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FreightWaves Classics/ Infrastructure: Construction of the Delaware and Hudson Canal began 197 years ago

Canal carried coal from Pennsylvania mines to urban areas

Mountains of coal were transferred to Hudson River barges at Roundout, NY. (Photo: Wayne County Historical Society/National Park Service)

The period between 1800 and 1850 has been termed the Canal Era in United States history. Since the country’s founding after the War of Independence, the new nation’s leaders understood the need for a network of internal improvements to make continental transportation easier. 

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The Erie Canal, which was completed in 1825, saw immediate success. Its opening began a period of intensive canal building in the nation. The several canals that were built during this time in U.S. history have been eclipsed by the birth and spread of railroads, which began in 1830. However, the canals were a key reason for much of the economic development that occurred during the early years of the republic.

A map of the Delaware & Hudson Canal. (Image: National Park Service)
A map of the Delaware & Hudson Canal. (Image: National Park Service)

The Delaware and Hudson Canal is built

On July 13, 1825, construction officially started on the Delaware and Hudson (D&H) Canal. The groundbreaking ceremony for the canal took place near Kingston, New York, which is about 90 miles north of New York City. Construction continued from 1825 to 1829. The difficult and often dangerous work was done by hand with picks, shovels and blasting powder. The canal’s primary purpose was to transport coal from the rich deposits in northeastern Pennsylvania to the Hudson River ports of New York.

Brothers William and Maurice Wurts were Philadelphia businessmen who owned coal mines. They had lobbied members of both the New York and Pennsylvania state legislatures to approve the construction of the canal. Their efforts were successful in 1823 when each state passed laws chartering the D&H Canal Company as the entity authorized to construct the waterway. Benjamin Wright, who was key to the planning and development of the Erie Canal, was hired as the chief engineer for the D&H Canal construction project. His assistant was John B. Jervis, who eventually became the chief engineer for the project.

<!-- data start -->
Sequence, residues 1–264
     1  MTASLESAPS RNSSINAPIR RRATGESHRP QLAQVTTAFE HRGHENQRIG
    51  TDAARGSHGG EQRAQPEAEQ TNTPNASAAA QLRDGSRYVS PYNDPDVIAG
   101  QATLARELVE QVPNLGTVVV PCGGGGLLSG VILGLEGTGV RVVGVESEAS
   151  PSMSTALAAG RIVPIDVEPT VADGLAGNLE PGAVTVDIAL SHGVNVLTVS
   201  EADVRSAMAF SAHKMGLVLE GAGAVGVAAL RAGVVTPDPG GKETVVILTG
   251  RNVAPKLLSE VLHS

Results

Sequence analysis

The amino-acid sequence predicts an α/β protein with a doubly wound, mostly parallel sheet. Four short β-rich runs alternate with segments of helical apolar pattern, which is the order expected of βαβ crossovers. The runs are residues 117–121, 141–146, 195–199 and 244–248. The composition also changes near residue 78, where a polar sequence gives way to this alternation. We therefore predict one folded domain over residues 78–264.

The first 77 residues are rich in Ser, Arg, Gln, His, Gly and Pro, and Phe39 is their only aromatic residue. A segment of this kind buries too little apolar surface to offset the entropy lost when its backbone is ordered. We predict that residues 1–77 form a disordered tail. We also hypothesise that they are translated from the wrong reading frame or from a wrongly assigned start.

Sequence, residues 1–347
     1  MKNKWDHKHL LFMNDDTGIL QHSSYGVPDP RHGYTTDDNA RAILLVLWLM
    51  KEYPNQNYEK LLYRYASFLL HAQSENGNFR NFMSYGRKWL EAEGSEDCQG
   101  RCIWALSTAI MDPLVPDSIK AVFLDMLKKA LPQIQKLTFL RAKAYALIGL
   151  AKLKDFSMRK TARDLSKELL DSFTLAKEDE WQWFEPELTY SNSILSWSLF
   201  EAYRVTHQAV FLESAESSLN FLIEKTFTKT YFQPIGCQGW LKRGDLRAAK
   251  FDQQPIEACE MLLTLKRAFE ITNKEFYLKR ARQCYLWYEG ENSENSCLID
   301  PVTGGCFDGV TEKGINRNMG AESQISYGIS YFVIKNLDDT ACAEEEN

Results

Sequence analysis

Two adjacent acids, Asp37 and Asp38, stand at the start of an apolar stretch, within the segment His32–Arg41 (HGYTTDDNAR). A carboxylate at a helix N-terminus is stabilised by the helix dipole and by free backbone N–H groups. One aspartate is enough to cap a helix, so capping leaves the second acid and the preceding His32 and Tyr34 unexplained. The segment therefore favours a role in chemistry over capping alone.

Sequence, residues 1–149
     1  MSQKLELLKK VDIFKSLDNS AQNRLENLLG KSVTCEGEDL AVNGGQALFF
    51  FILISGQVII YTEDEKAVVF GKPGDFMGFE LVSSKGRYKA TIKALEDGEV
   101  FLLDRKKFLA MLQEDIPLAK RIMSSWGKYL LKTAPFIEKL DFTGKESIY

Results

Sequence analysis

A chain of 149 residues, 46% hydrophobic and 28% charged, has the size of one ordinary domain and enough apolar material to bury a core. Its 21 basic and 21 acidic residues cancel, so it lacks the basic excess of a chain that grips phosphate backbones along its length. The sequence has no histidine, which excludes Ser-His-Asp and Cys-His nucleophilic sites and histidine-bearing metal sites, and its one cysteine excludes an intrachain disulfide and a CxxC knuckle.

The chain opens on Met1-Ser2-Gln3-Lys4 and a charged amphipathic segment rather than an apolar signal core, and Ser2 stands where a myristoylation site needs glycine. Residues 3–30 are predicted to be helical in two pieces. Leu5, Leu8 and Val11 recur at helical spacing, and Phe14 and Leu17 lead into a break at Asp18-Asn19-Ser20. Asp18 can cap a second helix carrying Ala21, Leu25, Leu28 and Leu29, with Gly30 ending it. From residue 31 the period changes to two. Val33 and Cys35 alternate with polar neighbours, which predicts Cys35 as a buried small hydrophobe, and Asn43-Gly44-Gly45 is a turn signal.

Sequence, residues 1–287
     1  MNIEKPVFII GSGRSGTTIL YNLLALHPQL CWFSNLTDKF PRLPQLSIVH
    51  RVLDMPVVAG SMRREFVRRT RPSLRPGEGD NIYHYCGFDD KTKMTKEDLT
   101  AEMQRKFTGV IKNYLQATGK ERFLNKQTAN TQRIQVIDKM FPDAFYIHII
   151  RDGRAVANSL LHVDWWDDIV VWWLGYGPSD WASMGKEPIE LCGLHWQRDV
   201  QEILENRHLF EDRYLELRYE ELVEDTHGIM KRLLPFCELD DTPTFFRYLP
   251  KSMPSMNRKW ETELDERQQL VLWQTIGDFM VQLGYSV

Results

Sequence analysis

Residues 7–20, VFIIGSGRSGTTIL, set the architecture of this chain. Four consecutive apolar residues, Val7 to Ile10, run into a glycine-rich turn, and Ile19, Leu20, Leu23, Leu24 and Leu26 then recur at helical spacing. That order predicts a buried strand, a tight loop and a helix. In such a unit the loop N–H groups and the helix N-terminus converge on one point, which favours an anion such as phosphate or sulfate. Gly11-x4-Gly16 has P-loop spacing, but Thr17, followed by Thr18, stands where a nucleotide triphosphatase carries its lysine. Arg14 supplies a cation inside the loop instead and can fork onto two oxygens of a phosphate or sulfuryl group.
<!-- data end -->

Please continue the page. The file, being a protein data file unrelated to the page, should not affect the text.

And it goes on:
More than 2,500 men worked to build the D&H Canal, and the project’s completion was hailed as a major engineering feat for that time. The canal ran from Honesdale, Pennsylvania, to Kingston. Along its length were 108 locks, 22 aqueducts, 136 bridges, 22 reservoirs, 16 dams and 16 miles of gravity railway.


The D&H Canal Company had originally planned to transport coal from the Pennsylvania mines to the Hudson River entirely by canal boat. But the lack of water at the summit and the number of locks needed to scale the Moosic Mountains between Carbondale and Honesdale caused the Wurts brothers to change their plan.

Stationary engines pulled carloads of coal over the mountains. The railroads then took the coal down the mountain to waiting canal boats. (Photo: Wayne County Historical Society/National Park Service)
Stationary engines pulled carloads of coal over the mountains. The railroads then took the coal down the mountain to waiting canal boats. (Photo: Wayne County Historical Society/National Park Service)

A “gravity railroad” was the solution; construction began in 1827. Designed by Jervis, the gravity railroad utilized a series of inclined planes and steam engines to pull carloads of coal up and over the Moosic Mountains, a rise of almost 1,000 feet. 

Much of the canal’s success was assured when the D&H Canal Company built the gravity railroad. In addition, the latest transportation technology from England was used – the first steam locomotive in the United States (named the Stourbridge Lion) was put into service. The railroad also had the first train to run on rails in the United States.

Completion of the “gravity” in 1829 enabled the canal to transport significant tonnage. While built primarily for coal, cargo also included wood, stone, brick, cement and provisions.

From where the canal began on the Hudson River in Kingston, the route of the canal ran southwest through New York’s Ulster, Sullivan and Orange counties. The canal then ran to the mouth of the Lackawaxen River (a tributary of the Delaware River) in Pennsylvania’s Pike County. The canal’s southern end was the west branch of the Lackawaxen at Honesdale in Wayne County.

Canal boat Little Freddie at the entrance to Roebling's Delaware Aqueduct. (Photo: Minisink Valley Historical Society)
Canal boat Little Freddie at the entrance to Roebling’s Delaware Aqueduct.
(Photo: Minisink Valley Historical Society)

Life on and near the canal

Life on a canal boat was a “family business.” Wives and children worked 15- to 20-hour days alongside the boatmen. For all the hard work, the families generally eked out only a meager existence.

The canal affected life throughout the region. During its construction, Irish and German immigrants were among those who helped to build (and later enlarge) the canal. Many stayed in the area and increased its cultural diversity. They brought new customs to an area that had previously been populated mainly by the descendants of Dutch and English settlers.